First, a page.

Tag: healthcare associated infections

WHO guidelines target catheter-caused infections

Editor's Note New World Health Organization (WHO) guidance aims to prevent the occurrence of bloodstream and other infections caused by improper use of catheters during medical procedures. Released May 9, the global guidelines focus on insertion, maintenance, and removal of catheters during medical procedures, which can damage organs and cause…

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By: Matt Danford
May 13, 2024
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National hospital safety rankings reflect infection prevention, patient experience improvements

Editor's Note Released May 1, the most recent Leapfrog Group hospital patient safety grades reflect declines in preventable healthcare-associated infections and improvements in patient’s hospital experiences since fall 2023. Leapfrog, a nonprofit, releases its Hospital Safety Grades report biannually, assigning traditional letter grades to nearly 3,000 general hospitals based on…

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By: Matt Danford
May 3, 2024
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Researchers develop fast, accurate blood test for sepsis, septic shock

Editor's Note A new blood test developed by researchers in Australia could help diagnose sepsis and septic shock in just one hour, compared to the current multi-day methods. The Journal of Proteome Research reported the findings on March 21. Researchers collected blood plasma samples from 152 ICU patients. They used…

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By: Brita Belli
April 10, 2024
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FDA approves new antibiotic for staph, other infections

Editor's Note The US Food and Drug administration approved Zevtera for treating Staphylococcus aureus bacteremia (SAB) bloodstream infections, which are often acquired in healthcare settings. In the April 3 announcement, the agency notes the new antibiotic Zevtera (ceftobiprole medocaril sodium for injection) is effective for SAB-infected patients with right-sided infective…

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By: Matt Danford
April 4, 2024
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ChatGPT, Mixtral AI systems show promise in detecting healthcare-associated infections

Editor's Note Based on the performance of two specific systems in detecting healthcare-associated infections (HAIs) in a recent study, artificial intelligence (AI) could help providers enhance surveillance, streamline tasks, and free staff to focus on patient care. Published March 14 in The American Journal of Infection Control, the study assessed…

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By: Matt Danford
April 2, 2024
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Blood test could help identify risk of sepsis, organ failure in children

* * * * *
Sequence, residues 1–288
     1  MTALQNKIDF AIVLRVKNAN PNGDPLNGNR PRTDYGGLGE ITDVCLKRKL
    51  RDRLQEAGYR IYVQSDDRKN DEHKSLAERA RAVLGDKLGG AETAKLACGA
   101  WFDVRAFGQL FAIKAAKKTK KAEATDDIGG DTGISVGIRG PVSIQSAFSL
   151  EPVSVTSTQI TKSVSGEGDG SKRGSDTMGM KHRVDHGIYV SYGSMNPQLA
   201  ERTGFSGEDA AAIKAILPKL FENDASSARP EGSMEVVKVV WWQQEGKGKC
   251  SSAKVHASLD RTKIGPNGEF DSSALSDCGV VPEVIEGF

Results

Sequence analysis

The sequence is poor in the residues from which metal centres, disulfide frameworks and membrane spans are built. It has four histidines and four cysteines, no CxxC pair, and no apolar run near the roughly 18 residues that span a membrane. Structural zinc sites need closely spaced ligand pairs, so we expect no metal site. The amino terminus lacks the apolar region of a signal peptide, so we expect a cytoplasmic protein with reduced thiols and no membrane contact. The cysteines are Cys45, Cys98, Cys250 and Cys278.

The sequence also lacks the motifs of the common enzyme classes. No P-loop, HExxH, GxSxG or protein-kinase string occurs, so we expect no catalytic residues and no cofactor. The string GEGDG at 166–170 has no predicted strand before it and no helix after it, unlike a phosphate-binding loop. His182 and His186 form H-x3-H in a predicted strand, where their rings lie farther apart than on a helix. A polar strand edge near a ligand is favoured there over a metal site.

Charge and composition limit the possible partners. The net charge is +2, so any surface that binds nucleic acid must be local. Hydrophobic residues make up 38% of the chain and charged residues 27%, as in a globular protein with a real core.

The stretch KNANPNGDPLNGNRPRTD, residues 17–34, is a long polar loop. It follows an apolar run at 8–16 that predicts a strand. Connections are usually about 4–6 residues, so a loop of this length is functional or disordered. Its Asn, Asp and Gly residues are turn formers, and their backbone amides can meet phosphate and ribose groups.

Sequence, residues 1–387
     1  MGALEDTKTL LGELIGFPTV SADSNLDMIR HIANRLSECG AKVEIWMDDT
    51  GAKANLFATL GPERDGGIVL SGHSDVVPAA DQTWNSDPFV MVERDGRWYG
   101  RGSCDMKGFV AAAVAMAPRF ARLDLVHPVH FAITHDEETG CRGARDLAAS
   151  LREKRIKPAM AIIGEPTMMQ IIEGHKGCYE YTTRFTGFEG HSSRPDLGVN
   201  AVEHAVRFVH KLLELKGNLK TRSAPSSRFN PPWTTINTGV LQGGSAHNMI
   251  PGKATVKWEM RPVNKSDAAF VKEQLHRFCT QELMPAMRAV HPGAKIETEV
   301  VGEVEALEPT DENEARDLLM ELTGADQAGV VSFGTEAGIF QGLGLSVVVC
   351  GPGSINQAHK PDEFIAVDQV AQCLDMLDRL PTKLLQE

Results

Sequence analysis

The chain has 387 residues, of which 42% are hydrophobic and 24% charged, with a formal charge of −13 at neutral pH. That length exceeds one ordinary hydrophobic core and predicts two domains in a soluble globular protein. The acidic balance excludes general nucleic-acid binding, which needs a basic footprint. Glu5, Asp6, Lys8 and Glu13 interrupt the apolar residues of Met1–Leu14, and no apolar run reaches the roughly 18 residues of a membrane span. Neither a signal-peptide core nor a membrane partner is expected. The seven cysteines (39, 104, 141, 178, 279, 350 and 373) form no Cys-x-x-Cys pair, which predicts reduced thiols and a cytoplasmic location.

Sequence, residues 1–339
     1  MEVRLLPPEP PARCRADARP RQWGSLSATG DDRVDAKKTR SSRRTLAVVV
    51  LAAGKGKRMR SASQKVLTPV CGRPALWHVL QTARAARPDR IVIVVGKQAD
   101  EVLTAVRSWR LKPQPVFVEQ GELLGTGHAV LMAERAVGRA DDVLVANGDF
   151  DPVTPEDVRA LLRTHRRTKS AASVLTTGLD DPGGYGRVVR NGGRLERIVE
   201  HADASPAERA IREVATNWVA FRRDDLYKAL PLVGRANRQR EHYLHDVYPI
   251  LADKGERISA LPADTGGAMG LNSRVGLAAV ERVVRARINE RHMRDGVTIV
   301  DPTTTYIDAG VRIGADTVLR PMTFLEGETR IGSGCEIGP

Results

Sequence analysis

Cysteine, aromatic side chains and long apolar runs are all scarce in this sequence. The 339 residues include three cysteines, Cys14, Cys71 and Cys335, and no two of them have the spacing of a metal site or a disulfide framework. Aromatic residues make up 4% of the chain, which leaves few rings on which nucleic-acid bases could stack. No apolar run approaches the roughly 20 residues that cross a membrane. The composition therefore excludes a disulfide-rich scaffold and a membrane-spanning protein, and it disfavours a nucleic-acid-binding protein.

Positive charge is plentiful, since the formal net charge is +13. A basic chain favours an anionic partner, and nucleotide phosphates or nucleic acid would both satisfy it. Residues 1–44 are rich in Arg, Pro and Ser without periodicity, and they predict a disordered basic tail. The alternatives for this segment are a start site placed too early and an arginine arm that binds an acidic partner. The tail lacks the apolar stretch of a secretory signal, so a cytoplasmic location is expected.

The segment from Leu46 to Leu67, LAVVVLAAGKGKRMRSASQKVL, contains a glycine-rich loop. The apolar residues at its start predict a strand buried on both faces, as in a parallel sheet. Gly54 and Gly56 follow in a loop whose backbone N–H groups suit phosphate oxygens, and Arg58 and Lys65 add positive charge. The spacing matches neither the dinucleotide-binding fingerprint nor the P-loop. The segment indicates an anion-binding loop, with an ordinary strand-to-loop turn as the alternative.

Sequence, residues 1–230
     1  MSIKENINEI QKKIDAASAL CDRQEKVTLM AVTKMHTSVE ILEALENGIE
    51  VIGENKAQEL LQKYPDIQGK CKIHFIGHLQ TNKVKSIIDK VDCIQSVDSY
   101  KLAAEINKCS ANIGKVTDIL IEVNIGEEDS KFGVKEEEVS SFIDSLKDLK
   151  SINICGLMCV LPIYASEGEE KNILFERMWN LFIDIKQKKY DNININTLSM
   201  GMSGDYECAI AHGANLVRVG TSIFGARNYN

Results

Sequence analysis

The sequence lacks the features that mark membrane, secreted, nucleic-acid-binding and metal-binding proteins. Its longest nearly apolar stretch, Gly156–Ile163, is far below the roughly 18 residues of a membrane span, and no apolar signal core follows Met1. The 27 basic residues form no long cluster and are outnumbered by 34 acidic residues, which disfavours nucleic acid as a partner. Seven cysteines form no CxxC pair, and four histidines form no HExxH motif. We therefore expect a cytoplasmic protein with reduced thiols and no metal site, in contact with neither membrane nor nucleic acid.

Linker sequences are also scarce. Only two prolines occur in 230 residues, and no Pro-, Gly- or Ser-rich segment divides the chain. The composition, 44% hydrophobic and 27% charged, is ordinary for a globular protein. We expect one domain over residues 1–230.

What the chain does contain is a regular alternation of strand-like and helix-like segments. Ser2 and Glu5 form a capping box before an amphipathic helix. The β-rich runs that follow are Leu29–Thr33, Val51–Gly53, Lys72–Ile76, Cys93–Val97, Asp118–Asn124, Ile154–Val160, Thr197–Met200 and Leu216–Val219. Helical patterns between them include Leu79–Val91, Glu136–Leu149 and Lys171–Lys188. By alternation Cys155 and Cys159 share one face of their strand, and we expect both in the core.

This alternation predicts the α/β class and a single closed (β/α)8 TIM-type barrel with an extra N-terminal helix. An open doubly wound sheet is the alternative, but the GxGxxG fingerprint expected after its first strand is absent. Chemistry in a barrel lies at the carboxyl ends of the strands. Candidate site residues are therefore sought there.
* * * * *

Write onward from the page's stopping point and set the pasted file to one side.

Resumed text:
Editor's Note Measuring gene activity in blood samples could help determine whether a child is at risk of sepsis and organ failure, according to findings published March 18 in The Lancet Child & Adolescent Health.  It is often difficult for clinicians to diagnose sepsis because the symptoms are similar to…

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By: Brita Belli
March 29, 2024
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Breaking down the surgical gown: Disposable versus reusable, latest innovations

There is movement happening in the world of surgical gowns. It is driven in part by the COVID-19 pandemic, which brought new focus to the need for adequate stockpiles of personal protective equipment (PPE)—and for PPE that works as intended. Staff need to know their gowns incorporate the latest technology…

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By: Brita Belli
February 17, 2024
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Surgeons design implant coating to combat infections

Editor's Note: A point-of-care, antimicrobial coating for orthopedic implants could soon make implant-associated infections a problem of the past, UCLA Health reported on January 3. Developed by two UCLA surgeons, the coating is designed to kill or slow the spread of micro-organisms in order to prevent post-surgical infections. According to…

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By: Matt Danford
January 24, 2024
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Study: Hospital surfaces ridden with bacteria despite disinfection protocols

Editor's Note:  Adherence to routine disinfection procedures may not be enough to prevent potentially harmful bacterial contamination of high-touch hospital surfaces, according to findings published January 10 in the American Journal of Infection Control. Manikins, bed rails, and workstations-on-wheels were the most contaminated surfaces. The study involved sampling and culturing…

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By: Matt Danford
January 22, 2024
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Emerging pathogens widespread in mechanical ventilators

Editor's Note Patients in Maryland hospitals on mechanical ventilators were exposed to two dangerous pathogens, which are becoming growing threats in hospital systems, according to a new report published on October 12 by JAMA Network.  The report analyzed survey data from 51 participating healthcare facilities. The data included 482 patients…

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By: Brita Belli
October 26, 2023
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